The first demo we sent was actually recorded in one of my friends’ basement, and we recorded it on an analog tape machine because that was the only thing we had. We used live drums, guitars, and bass, and sent it. Their first reaction was: Wow, this has a really garage band feel to it!

For the final cut, we made it sound a little bit cleaner and we also recorded additional tracks in a studio. I finished the writing, mixing, and mastering the 77 tracks, with all the metadata, in three and a half weeks and sent them to Microsoft. They loved it.”

Mark Roos, co-founder of Cutting Room Music and composer for Amazon Prime’s Trending CrimesAmerican PickersCatfishKeeping Up With The KardashiansPixarMicrosoft, and more.

Composers try to come up with different tracks for various scenarios during the recording process, to provide the player with an immersive experience. Recording a video game score involves composers constantly seeing footage of the game’s different areas, as well as being up-to-date with the plot and its characters, and how different scenarios would play out. If composers are brought in really early in the game’s development process, they might be asked to start recording music with only the help of concept art.

Back then, what I did was just a simple stereo mix. Now it’s much more sophisticated and the overall scope is much larger. With the help of AVR, developers can add music and sound effects anywhere and make it change in real-time to sound better on specific devices, including surround systems and headphones. Basically, there are very few limitations, that’s why a lot of people enjoy scoring video games rather than film, because they feel like they’ve got more creative freedom.

Mark Roos

Looking for a team to help you compose music for your video game?

We are a team of highly passionate and dedicated composers that can bring any visual work to life with the help of music, including video games. No project is too large or too small for us, so whether you need an original composition for an indie title, mobile game, or a triple-A project, please don’t hesitate to reach out.

When Technology Paves the Road to Success: Animation Movies Made $51 Billion at the Box Office During the 2010s

The synergy between technology and art has paved the way for film directors and animators to tell compelling stories and breathe life into their creative work. Animation tools and film technology have evolved and reached new milestones over the course of the years, and thanks to these technological advancements, we get to enjoy Pixar, Disney, and Dreamworks animation masterpieces.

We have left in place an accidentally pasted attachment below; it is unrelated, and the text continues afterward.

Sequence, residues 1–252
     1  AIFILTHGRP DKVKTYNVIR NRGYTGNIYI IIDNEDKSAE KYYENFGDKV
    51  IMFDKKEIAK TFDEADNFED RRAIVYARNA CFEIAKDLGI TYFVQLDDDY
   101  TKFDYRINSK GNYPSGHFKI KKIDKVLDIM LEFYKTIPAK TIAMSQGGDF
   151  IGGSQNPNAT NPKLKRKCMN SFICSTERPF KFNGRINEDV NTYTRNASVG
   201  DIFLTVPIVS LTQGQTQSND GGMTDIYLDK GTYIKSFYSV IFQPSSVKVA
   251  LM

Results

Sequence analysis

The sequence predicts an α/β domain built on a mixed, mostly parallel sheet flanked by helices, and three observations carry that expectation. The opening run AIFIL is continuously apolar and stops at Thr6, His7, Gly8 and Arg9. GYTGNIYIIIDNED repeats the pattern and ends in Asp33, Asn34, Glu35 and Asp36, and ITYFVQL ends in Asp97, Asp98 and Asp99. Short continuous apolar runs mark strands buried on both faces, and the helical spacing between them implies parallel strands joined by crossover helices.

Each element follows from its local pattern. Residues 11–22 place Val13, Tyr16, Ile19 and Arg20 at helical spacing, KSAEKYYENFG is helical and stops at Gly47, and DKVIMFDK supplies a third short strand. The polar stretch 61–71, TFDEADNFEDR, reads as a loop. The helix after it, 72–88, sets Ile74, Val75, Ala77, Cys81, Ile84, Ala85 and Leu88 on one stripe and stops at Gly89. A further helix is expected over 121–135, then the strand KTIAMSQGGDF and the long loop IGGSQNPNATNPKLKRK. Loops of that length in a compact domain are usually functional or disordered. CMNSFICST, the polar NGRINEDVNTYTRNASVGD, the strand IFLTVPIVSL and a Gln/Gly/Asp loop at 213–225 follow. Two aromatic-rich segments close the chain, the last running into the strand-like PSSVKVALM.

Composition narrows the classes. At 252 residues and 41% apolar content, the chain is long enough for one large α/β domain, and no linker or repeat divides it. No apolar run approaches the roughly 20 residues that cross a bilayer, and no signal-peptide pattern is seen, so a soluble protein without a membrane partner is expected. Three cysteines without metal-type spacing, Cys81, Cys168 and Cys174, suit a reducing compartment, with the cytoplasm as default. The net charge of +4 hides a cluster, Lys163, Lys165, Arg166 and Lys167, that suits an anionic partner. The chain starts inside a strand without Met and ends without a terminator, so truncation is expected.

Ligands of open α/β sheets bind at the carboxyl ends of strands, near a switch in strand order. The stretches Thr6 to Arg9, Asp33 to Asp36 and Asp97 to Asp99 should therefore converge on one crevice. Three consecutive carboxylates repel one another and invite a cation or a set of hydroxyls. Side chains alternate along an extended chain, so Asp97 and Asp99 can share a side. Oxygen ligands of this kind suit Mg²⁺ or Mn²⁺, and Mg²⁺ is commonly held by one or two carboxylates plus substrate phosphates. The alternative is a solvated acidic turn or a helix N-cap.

Digital filmmaking is at its peak, and the creative freedom that storytellers have nowadays when it comes to animated movies is astonishing. Studios are now using cutting-edge software to create feature-length animations, and tech-savvy filmmakers are still discovering new ways to improve upon this technology. “The art challenges the technology, and the technology inspires the art”—these are the famous words of John Lasseter, former CCO of Pixar and Disney, and we couldn’t agree more with this statement.

Fascinated by the evolution of technology and the success of animated movies, here at Cutting Room Music, we did a little digging to see how the popularity and worldwide box office success of feature-length animations have changed over the decades. We stumbled upon some pretty interesting results on, and decided to share our findings with you. We also wrote a story on how movie genre popularity and worldwide box office revenue changed through 1980 and 2020, if you want to check that out.

For this study, we looked at the same time period (1980 through 2020), but we focused exclusively on the evolution of animated movies. Read on to see what we’ve found and make sure to check out the chart below.